Movie Review: Dunkirk

DUNKIRK

Director: Christopher Nolan

Writer: Christopher Nolan

Stars: Fionn Whitehead, Damien Bonnard, Aneurin Barnard

Verdict: One of the best of the year, mid-five-stars.

It was either this or Baby Driver for most late review of a contemporary movie I could release at the moment. So here it goes.

From the first shot. From the very first shot, I knew the film had me.

I feel like everyone knows about the events of Dunkirk but that might just be because I’m British. Dunkirk follows three stories of people trapped at the French beach as the Nazis closed in during World War II, the story of how a situation that can only end with surrender or annihilation ended with neither. One on the sea, one on land, one in the air.

Just, just thinking about the film, I am reminded of just the feeling of nerve shredding tension and despair and hopelessness normally reserved for the scariest of horror films that the film evoked in pretty much everyone I know who saw it. This is achieved through constantly cutting between the stories but patiently, relentlessly building tension through some of the best editing of the year. The score from Hanz Zimmer, (Pirates of the Caribbean, Inception), incorporates the sound of a ticking clock constantly which just keeps going, keeps pushing, keeps pushing you further to the edge without ever pushing you over it. Nolan in fact uses for the most part the cinematic language of horror films to evoke this dread in the viewer.

This is the conclusion of almost a cinematic thesis statement Nolan has been building on through works like The Prestige, The Dark Knight, and Inception, of just constantly pushing, patiently but insistently towards a grand conclusion resulting in pretty unique cinematic experiences. This comes through in Dunkirk in the form of this everlasting tension eventually breaking out into instances of hope which might be at any time snatched away from you.

Like Kubrick’s 2001: A Space Odyssey, by denying you a traditional protagonist, Nolan makes the film more about humanity in general than any one person, the fairly uncharacterised characters filling in for people in general standing in for every soldier on that beach. Just the sense of bleakness, of just whatever you do just will not work, is suffocating. Then at the end when, well, famous history happens I cried like a new born baby as much from sheer relief than anything else.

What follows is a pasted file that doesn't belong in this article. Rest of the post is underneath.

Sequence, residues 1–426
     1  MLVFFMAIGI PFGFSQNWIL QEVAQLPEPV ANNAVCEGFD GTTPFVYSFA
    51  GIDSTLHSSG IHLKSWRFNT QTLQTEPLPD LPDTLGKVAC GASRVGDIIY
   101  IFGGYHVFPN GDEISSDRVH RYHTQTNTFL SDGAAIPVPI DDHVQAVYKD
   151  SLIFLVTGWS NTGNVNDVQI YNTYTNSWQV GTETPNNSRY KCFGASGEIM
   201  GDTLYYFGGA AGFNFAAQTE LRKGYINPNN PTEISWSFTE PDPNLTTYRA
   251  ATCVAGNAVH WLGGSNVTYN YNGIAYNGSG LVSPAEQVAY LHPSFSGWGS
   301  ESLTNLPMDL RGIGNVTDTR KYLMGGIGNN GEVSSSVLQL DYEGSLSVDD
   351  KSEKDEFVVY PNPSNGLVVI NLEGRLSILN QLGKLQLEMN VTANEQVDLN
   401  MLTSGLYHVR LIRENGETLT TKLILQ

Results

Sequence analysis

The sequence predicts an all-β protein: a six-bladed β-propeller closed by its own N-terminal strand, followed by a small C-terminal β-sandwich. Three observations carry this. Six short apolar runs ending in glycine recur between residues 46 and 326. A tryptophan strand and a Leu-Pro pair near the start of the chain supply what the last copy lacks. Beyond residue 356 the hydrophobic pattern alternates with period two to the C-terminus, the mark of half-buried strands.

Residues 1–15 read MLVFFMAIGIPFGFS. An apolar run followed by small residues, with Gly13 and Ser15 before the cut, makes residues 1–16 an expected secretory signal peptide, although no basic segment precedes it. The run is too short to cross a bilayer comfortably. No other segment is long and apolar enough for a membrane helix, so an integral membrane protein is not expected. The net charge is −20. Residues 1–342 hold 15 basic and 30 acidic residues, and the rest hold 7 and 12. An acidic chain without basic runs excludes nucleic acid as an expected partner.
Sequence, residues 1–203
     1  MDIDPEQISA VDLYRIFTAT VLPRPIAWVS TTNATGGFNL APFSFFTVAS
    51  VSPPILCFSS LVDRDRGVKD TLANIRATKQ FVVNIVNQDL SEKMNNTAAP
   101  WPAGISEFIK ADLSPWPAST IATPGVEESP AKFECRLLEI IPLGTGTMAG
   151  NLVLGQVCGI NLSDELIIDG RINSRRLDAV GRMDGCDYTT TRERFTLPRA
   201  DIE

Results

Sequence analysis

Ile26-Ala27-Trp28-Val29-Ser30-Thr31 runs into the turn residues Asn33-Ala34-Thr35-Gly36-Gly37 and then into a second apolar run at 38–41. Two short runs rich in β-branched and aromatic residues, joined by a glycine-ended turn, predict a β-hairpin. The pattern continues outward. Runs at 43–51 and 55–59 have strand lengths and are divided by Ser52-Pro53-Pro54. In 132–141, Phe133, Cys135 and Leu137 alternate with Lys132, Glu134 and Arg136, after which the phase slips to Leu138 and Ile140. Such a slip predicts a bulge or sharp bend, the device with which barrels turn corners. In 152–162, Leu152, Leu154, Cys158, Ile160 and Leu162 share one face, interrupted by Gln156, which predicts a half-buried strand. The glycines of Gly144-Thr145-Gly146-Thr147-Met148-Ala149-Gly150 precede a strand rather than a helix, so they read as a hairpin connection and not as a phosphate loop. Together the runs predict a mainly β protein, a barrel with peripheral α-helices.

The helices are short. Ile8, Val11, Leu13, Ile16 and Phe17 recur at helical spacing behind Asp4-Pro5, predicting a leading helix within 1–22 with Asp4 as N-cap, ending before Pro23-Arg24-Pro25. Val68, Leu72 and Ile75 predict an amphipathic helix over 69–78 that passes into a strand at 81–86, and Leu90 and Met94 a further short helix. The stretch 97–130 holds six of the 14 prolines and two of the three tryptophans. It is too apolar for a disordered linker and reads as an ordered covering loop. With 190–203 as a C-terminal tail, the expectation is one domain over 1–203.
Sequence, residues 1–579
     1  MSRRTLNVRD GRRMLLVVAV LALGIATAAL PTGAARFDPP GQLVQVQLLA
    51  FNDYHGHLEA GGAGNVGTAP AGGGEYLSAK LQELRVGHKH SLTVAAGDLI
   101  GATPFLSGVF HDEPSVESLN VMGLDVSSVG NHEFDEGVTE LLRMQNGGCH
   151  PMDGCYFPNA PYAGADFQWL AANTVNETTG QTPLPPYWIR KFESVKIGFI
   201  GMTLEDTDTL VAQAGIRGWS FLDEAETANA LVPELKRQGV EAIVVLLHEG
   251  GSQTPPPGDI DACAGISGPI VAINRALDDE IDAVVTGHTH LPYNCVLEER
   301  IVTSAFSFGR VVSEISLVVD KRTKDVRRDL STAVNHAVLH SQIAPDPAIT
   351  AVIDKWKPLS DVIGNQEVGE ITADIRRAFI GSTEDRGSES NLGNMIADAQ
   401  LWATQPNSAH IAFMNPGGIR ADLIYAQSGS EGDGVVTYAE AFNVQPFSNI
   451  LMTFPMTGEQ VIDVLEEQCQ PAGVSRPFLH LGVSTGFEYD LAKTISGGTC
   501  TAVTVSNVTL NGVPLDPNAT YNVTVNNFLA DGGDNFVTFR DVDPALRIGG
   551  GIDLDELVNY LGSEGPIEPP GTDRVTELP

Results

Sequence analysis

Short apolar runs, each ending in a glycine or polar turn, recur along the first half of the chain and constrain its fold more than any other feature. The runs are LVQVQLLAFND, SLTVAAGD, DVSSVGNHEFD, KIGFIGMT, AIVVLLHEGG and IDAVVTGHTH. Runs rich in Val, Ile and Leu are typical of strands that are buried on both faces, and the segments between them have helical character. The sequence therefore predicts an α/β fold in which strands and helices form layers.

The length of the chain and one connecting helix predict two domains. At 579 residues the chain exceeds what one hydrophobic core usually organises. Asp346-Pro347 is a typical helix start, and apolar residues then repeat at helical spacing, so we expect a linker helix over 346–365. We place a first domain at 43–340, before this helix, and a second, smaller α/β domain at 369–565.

This is helped by a stunning set of ensemble performances. Not least from Tom Hardy, (Bronson, Mad Max: Fury Road, The Revenant), who seems the go to performances for doing a lot of acting without a lot of words or mouth movement and that counts here as well because we can only see his eyes for a huge majority of the film and there is a pivotal turning point for the movie about half way through where he does the most he heavy lifting acting he has to do in the entire movie with one right eye. ONE, RIGHT, EYE. Tom Hardy please don’t turn out to be a sex offender like pretty much any other contemporary young male actor I ever had any respect for.

After the disappointments of Interstellar and The Dark Knight Rises I am genuinely surprised that Nolan has put out what might be his best film yet. I havn’t made the final call yet, The Prestige is a high bar to beat but my god is it close. it’s probably the Nolan film with the most substance so far. In the current times of Alt Right and Trump, the type of patriotism shown in this film, one of coming together to do the right thing for those persecuted, is so important.

Nolan still stands by his use of practical effects, that combined with Hoyte Van Hoytema’s, (Her, Tinker Tailor Soldier Spy) astounding cinematography really emphises all the moods at all the right times. It is great that this is out at the same time as Baby Driver because critics have always been very against the cinema of experience and both Baby Driver and Dunkirk fully embrace the techniques of experientialist masterpieces like The Texas Chain Saw Massacre, Mad Max: Fury Road, and Jaws, (in Baby Driver‘s case maybe Drive, La La Land, and Singin’ in the Rain are more tonally appropriate). Please, for the love of God, see this instread of The Emoji Movie, *shivers*.

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